Yolanda lived with her grandmother, MawMaw, and the more we talked about our lives, the more we realized how similar we were. Well, except she was black and I was white, which made all the difference in the world.

According to Yolanda, Father Stephen Panik, MawMaw’s hero and a priest for the poor, wasn’t murdered at all. After he died in 1954, the 14-year-old “Yellow Mill Village” was renamed in his honor because, without Father Panik, public housing projects in Bridgeport would never have existed.

And now I know that Father Panik Village isn’t so scary, although Yolanda agrees that at the Panik, people can get shot up with a semi-automatic.

Three things happened after running through the Panik that day. The first thing was that I became the Big Kahuna to my friends, and the second thing was that Steve the butcher became the Big Kahuna to me — even though Mem told me never to trust a man.

But the third thing was the best of all because Yolanda became one of my closest friends.

Stay tuned for Chapter 10: Steve the Butcher



are terrified

by what





want to regulate

my uterus,

but regulating

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Ku Klux Klanner,

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was a

selfless, radical


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of the





who violently marched

in Charlottesville




save America


uniting the

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“You will not replace us,”


“Jew will not replace us.”




confederate flag bearer,

dare to expect

Jesus to save




should send


to “Camp Auschwitz.”




babies in the womb,

but once they’re born


care not a whit.








do nothing

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every minute


every day.



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Governors up for Reelection 2022, 2023, 2024, and 2025

United States gubernatorial elections will be held on November 8, 2022, in 36 states.

The 2022 gubernatorial elections are the first since the 2020 census and reapportionment.

All but two of the fifty Governors serve four-year terms — the governors of New Hampshire and Vermont, serve two-year terms.

Of the 36 gubernatorial seats up for re-election in 2022, twenty are Republican, and sixteen are Democrat.

Republicans are defending six governorships in states President Joe Biden (D) won in 2020: Arizona, Georgia, Maryland, Massachusetts, New Hampshire, and Vermont.

Democrats are defending one governorship in a state that Donald Trump won (R) in 2020: Kansas.

Below are the 36 Governors up for reelection in 2022 in alphabetical order by political party and state, as well as the listing of Governors up for reelection in 2023, 2024, and 2025.

Democrats up for reelection in 2022:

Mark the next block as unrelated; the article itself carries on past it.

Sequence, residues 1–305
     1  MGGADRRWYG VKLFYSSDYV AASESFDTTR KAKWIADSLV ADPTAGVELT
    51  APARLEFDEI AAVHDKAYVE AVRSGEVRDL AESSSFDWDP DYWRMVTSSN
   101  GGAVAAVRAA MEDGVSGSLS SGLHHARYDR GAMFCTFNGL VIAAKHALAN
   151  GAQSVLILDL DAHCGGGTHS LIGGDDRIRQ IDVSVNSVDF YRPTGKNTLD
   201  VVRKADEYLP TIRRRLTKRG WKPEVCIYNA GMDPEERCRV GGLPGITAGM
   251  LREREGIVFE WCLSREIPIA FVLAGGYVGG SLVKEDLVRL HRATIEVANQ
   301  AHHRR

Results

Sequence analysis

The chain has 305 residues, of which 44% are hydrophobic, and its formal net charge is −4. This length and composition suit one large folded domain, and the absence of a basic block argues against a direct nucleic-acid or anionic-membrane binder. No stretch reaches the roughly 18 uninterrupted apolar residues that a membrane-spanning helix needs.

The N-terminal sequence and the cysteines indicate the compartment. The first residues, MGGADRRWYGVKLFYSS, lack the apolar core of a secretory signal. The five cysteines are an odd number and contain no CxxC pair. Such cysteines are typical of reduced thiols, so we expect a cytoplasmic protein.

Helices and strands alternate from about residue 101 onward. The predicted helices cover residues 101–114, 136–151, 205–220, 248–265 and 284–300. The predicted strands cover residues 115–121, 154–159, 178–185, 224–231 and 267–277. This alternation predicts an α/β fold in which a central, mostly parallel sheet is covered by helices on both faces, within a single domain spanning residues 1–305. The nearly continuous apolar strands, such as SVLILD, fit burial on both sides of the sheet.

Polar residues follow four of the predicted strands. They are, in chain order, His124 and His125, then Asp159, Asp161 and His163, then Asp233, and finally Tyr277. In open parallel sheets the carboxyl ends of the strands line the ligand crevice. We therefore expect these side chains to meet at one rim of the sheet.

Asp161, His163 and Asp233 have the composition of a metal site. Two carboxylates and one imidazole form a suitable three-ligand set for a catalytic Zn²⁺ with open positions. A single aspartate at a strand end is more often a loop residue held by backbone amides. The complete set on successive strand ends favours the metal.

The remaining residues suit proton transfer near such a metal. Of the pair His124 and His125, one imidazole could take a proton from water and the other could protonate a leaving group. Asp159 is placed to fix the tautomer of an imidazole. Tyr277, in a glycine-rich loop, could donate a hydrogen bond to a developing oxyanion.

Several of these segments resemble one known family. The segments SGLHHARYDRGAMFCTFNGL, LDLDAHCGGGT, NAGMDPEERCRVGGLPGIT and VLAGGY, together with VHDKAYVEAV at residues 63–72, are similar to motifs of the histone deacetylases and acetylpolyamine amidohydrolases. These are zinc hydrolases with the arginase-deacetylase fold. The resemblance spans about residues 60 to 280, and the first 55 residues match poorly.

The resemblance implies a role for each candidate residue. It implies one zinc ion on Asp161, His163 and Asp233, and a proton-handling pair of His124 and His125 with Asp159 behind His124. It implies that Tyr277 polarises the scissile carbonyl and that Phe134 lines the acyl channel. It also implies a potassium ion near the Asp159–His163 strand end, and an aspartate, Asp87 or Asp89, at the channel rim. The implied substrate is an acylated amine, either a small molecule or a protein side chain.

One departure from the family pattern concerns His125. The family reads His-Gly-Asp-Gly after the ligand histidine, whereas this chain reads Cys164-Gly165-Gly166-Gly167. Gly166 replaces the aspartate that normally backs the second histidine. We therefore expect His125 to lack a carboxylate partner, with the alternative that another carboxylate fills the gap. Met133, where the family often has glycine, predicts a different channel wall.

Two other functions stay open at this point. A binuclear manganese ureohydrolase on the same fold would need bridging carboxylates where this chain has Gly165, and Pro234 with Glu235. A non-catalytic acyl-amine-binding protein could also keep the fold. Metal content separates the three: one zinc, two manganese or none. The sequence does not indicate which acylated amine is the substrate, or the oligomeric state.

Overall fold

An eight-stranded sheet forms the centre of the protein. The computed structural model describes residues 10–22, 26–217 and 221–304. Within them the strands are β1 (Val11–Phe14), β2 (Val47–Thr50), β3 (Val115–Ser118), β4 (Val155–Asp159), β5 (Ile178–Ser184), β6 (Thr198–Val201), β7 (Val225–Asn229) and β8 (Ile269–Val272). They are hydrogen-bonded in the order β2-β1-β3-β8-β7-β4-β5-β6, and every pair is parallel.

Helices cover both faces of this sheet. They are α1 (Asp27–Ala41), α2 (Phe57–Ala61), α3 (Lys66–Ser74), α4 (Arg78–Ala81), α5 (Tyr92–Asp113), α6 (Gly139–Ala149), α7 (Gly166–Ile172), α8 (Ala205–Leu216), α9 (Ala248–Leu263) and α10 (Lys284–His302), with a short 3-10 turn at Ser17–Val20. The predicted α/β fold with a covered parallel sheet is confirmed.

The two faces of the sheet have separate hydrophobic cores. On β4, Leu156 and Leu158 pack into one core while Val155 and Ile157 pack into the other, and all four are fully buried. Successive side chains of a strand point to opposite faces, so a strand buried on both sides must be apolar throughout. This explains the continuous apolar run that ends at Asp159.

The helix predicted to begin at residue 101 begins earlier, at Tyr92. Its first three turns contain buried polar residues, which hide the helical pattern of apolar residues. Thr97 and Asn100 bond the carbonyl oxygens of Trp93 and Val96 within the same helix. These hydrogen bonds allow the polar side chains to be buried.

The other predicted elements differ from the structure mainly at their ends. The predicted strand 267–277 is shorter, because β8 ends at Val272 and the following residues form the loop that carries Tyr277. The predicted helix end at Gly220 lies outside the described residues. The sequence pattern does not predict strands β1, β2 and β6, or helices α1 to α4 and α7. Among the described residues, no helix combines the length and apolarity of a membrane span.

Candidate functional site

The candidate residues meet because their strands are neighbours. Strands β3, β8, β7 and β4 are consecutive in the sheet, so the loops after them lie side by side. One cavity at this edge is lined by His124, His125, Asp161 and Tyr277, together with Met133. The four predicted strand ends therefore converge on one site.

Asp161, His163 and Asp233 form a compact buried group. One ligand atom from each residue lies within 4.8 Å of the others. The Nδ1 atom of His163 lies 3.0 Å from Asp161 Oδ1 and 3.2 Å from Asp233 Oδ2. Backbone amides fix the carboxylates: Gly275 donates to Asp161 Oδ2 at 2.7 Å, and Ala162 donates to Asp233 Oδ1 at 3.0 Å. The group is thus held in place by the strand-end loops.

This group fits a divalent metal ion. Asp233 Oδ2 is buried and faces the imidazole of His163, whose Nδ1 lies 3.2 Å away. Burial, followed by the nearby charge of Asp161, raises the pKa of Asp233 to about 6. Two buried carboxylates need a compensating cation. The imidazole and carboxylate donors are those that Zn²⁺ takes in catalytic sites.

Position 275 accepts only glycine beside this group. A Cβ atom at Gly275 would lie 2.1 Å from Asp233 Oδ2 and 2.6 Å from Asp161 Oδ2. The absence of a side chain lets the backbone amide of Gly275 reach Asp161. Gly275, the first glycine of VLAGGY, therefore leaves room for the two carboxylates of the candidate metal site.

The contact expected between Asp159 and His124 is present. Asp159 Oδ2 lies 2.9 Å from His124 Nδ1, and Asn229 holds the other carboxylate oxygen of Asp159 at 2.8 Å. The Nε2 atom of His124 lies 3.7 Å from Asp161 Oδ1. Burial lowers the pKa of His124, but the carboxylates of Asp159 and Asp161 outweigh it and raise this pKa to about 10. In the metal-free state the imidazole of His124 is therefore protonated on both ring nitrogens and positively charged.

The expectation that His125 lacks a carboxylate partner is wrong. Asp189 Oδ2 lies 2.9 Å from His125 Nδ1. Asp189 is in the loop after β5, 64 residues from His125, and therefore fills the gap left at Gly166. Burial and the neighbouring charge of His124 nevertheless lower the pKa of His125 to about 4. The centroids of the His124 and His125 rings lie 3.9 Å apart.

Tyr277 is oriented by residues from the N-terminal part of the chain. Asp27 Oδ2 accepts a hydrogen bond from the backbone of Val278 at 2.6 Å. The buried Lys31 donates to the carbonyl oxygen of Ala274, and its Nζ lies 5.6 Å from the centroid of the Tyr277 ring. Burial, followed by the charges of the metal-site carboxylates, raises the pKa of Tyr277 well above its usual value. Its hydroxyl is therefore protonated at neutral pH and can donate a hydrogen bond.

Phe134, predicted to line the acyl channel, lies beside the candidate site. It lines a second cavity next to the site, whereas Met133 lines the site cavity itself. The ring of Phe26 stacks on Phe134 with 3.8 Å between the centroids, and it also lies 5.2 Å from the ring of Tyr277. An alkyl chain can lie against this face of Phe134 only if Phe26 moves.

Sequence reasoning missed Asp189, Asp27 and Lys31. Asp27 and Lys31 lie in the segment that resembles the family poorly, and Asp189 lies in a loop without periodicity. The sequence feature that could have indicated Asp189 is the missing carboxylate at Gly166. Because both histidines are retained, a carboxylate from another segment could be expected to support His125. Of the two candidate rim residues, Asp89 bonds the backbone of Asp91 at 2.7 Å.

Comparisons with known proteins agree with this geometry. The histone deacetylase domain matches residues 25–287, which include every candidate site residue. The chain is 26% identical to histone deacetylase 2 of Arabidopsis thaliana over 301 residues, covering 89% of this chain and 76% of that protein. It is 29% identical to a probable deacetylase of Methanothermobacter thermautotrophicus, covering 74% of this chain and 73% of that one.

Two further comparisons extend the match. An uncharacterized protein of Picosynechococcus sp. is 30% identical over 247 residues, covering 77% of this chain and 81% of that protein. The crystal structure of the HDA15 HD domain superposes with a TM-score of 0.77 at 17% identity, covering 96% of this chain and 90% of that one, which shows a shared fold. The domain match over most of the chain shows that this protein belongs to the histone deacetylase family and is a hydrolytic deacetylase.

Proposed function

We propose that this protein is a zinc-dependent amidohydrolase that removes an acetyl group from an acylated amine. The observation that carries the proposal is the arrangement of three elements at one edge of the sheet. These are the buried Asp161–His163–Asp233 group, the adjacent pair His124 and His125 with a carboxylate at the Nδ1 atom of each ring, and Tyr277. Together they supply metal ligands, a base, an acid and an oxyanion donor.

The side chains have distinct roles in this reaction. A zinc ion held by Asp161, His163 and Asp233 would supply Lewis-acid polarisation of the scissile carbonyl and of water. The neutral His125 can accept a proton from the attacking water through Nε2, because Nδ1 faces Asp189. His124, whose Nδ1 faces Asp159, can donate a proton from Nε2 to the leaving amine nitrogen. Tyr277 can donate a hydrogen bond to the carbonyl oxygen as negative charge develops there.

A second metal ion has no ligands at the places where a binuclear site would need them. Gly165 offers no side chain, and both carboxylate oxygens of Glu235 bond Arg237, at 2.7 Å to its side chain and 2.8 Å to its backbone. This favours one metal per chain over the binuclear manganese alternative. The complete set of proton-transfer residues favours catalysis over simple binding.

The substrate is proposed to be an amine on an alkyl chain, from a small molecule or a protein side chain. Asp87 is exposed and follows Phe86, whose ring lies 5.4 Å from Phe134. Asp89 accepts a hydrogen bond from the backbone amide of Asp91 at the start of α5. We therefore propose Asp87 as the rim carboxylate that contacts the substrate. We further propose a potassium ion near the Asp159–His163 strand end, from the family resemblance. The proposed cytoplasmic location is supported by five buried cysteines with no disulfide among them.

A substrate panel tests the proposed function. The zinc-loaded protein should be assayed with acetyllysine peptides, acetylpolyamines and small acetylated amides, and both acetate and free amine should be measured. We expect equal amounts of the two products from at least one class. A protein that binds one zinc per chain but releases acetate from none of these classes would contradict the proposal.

California: Gavin Newsom (Running)

Colorado: Jared Polis (Running)

Connecticut: Ned Lamont (Running)

Hawaii: David Ige (Not running due to term limits)

Illinois: J.B. Pritzker (Running)

Kansas: Laura Kelly (Running)

Maine: Janet Mills (Running)

Michigan: Gretchen Whitmer (Running)

Minnesota: Tim Walz (Running)

Nevada: Steve Sisolak (Running)

New Mexico: Michelle Lujan Grisham (Running)

New York: Kathy Hochul (Running)

Oregon: Kate Brown (Not running due to term limits)

Pennsylvania: Tom Wolf (Not running due to term limits)

Rhode Island: Daniel McKee (Running)

Wisconsin: Tony Evers (Running)

Republicans up for reelection in 2022:

Alabama: Kay Ivey (Running)

Alaska: Mike Dunleavy (Running)

Arizona: Doug Ducey (Not running due to term limits)

Arkansas: Asa Hutchinson (Not running due to term limits)

Florida: Ron DeSantis (Running)

Georgia: Brian Kemp (Running)

Idaho: Brad Little (Running)

Iowa: Kim Reynolds (Running)

Maryland: Larry Hogan (Not running due to term limits)

Massachusetts: Charles Baker (Not running)

Nebraska: Pete Ricketts (Not running due to term limits)

New Hampshire: Chris Sununu (Running)

Ohio: Mike DeWine (Running)

Oklahoma: Kevin Stitt (Running)

South Carolina: Henry McMaster (Running)

South Dakota: Kristi Noem (Running)

Tennessee: Bill Lee (Running)

Texas: Greg Abbott (Running)

Vermont: Phil Scott (Running)

Wyoming: Mark Gordon (Running)

Democrats up for reelection in 2023:

Kentucky: Andy Beshear (Running)

Louisiana: John Bel Edwards (Not running due to term limits)

Republicans up for reelection in 2023:

Mississippi: Tate Reeves (No announcement yet)

Democrats up for reelection in 2024:

Delaware: John Carney (Not running due to term limits)

North Carolina: Roy Cooper (Not running due to term limits)

Washington: Jay Inslee (Running)

Republicans up for reelection in 2024:

Indiana: Eric Holcomb (Not running due to term limits) Eric Doden is running for the Republican nomination.

Missouri: Mike Parson (Not running due to term limits) Lieutenant Governor Mike Kehoe is running for the Republican nomination.

Montana: Greg Gianforte (No announcement yet)

New Hampshire: TBD (Chris Sununu is running for reelection to a fourth term in 2022. Because New Hampshire does not have gubernatorial term limits in its Constitution, he will be eligible to run for re-election for a fifth term, should he win a fourth term in 2022.)

North Dakota: Doug Burgum (Running)

Utah: Spencer Cox (Running)

Vermont: TBD (Phil Scott is running for reelection to a fourth term in 2022. Because Vermont does not have gubernatorial term limits in its Constitution, he will be eligible to run for re-election for a fifth term, should he win a fourth term in 2022.

West Virginia: Jim Justice (Not running due to term limits) Chris Miller is running for the Republican nomination.

Democrats up for reelection in 2025:

New Jersey: Phil Murphy (No announcement yet)

Virginia: Ralph Northam (No announcement yet)

There are no Republicans up for re-election in 2025.